eyes toward Mogadishu and Dadaab , Kenya .
They will walk as long and as far as they can.

Bill Sullivan taught English and American studies at Keene State College, NH. He has published his poems in print and in online journals.  Most recently  included his short story "The Third Shift." Retired, Sullivan now resides in Westerly, RI.

Tuesday, August 09, 2011


by Bill Costley

The next time U need
a AAA rating, B advised
that AAAnybody
can buy as many initial
capital As as they like
in the Yellow Pages where
U can B as A as U sAy  U  R.

Bill Costley has served on the Steering Committee of the San Francisco Bay area chapter of the National Writers Union. He lives in Santa Clara, CA.

Monday, August 08, 2011


by Lucille Gang Shulklapper

May all those chosen desist from positions on which they insist, from finger pointing and mudslinging, from ideologues clinging to each stubborn thought, that brought our economy to a halt, from blaming one another, not working together, for the people they serve, who do not deserve, officials elected, who were selected to represent them, they who created political mayhem.

This committee might be our last, to balance the lives of those miscast, yet I for one now believe, this committee too will deceive, the American workers, the American dream, and work only for their own salvation, with untimely decisions that bankrupt our nation.

Prize-winning author of fiction and poetry, Lucille Gang Shulklapper's work appears in many journals and anthologies, including this one.  Her short story "The Divided States of America" will appear in Main Street Rag's anthology Altered States.


Saturday, August 06, 2011


by Lynnie Gobeille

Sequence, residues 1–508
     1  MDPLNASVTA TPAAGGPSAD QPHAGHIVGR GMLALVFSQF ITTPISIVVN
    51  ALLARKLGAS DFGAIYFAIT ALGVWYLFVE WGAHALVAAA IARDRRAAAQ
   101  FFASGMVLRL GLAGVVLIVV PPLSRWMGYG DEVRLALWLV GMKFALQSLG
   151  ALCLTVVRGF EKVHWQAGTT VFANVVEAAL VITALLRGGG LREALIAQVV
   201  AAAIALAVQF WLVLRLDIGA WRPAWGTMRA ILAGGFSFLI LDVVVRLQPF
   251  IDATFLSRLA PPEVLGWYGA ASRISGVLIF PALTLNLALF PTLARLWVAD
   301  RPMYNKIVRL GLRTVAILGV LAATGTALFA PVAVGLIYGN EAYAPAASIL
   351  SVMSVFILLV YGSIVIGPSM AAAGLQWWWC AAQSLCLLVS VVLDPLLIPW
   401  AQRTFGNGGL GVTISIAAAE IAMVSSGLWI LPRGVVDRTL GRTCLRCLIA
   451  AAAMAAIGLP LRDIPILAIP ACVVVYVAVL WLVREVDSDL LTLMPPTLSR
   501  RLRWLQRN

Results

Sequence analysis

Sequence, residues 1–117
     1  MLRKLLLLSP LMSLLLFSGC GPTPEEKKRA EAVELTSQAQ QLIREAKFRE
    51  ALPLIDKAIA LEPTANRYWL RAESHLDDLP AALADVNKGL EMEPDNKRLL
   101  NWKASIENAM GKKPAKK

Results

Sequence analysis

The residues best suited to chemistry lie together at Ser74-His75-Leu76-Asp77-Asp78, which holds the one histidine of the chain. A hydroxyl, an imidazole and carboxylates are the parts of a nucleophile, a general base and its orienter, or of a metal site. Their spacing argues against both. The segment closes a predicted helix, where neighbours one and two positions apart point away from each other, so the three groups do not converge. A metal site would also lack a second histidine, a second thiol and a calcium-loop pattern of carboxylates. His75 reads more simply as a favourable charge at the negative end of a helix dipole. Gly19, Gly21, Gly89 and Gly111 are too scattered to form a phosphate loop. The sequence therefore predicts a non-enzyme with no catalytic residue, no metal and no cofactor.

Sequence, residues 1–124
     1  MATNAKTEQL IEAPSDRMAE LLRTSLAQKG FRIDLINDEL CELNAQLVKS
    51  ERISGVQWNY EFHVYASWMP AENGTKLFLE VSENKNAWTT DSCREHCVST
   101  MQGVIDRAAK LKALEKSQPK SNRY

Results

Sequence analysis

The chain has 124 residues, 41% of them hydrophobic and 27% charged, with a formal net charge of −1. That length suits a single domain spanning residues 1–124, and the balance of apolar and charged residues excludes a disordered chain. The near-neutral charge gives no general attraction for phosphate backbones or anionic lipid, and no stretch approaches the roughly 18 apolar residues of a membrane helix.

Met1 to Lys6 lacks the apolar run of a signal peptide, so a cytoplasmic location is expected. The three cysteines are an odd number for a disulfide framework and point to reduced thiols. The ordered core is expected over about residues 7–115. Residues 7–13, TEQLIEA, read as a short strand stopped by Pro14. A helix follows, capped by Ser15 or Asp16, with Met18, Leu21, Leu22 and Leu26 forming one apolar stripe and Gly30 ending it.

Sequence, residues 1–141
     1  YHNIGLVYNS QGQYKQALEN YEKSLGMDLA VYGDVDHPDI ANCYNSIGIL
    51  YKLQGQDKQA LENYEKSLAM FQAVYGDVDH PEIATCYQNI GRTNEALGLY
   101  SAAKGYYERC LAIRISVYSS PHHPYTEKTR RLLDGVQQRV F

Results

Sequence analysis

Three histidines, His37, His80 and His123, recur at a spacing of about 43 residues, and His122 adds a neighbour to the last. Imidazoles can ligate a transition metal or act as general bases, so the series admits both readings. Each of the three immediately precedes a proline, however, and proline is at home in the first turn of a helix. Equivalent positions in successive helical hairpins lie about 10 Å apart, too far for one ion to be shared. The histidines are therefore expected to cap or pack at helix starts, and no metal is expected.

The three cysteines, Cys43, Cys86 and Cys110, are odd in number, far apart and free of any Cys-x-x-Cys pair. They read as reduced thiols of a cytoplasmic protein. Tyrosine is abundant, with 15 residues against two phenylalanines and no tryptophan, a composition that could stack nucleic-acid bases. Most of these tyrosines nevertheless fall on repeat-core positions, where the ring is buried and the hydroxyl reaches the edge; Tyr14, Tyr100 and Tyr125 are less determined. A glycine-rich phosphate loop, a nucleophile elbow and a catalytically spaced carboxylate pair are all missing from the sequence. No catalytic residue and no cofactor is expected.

Keep breathing
She said
But Amy didn’t listen
Keep believing
She said
But Jim wouldn’t try
Stop swilling down that whiskey
The muse slowly sighed
But Janis was too drunk to hear.

Others used shotguns
Or crawled into small spaces
Knowing Fear
Was best served up cold
Better eaten while stoned.

The muse said
Stop tampering with God
And all of his blessings
She cried
Get to Rehab
Get to Church
Get Help
You can’t do this alone.

 None of them listened.

None of them matter;
Except as fodder and food for this Poem.

Lynnie Gobeille has  published in The Sow's Ear Review, Crone’s Nest, The Avatar, The Prairie Home Companion, This I Believe (NPR), The New Verse News, The Providence Journal (Poetic License) and The Naugatuck River Review. Editor of the Providence Journal Poetry Corner (South County Edition ), her essays can be heard on NPR public radio. She is the co-founder of The Origami Poems Project, a state wide “free poetry event” based in Rhode Island . Her “micro chapbooks” can be found on their website: .

Friday, August 05, 2011


 Poem by Charles Frederickson; Graphic by Saknarin Chinayote

The Israeli government has given final approval for more than 900 new homes in occupied East Jerusalem. . . . Har Homa is one of the largest and most controversial Jewish settlements in East Jerusalem. It is regarded, under international law, as occupied Palestinian land, but Israel says it is part of its territory. --Wyre Davies, BBC News, Jerusalem, 4 August 2011

Forged passport to anywhere else
Delayed departure cancellations never arriving
Unscheduled stopover compounded interest accrued
Stranded suffering neglect since 1948

Tellers windows barred lending transactions
Corrugated promises soulless savings withdrawals
Banking on counterfeit frayed IOU’s
Discredited life savings loans IMFucked

Sanitized excuses choked silence hush
Tomorrow’s starry twinkle wondrous spitfire
Wished upon No Man’s Homeland
Magna Charta uncivil wronged rights

Polyglot accent setting aliens apart
Naked truth falsehoods running scared
Shameless angst settling tsuris aggravation
Nativity Chutzpah infinity beyond reach

Residence permit disputed borderlines reconfigured
Visa expired Nothing to Declare
Pleated map folds cellophane enveloped
Suffocating barely awakened gritty dreamscape

Unholy war hostage to happenstance
Urgent pleas begging pacifist mercy
Hawks swooping lonesome doves roosts
Abandoned cote hopeful feathers plucked

No Holds Bard Dr. Charles Frederickson & Saknarin Chinayote together comprise PoeArtry. Flutter Press has just published Charles’ new chapbook fanTHAIsies.

Thursday, August 04, 2011


by Martin Willitts Jr

He stood in torrential rain so child labor could end.
He was drenched by bully clubs
trying to smack sense into him
so we would have reasonable work hours.
He was arrested for singing in the downcast
with Woody Guthrie, for decent wages.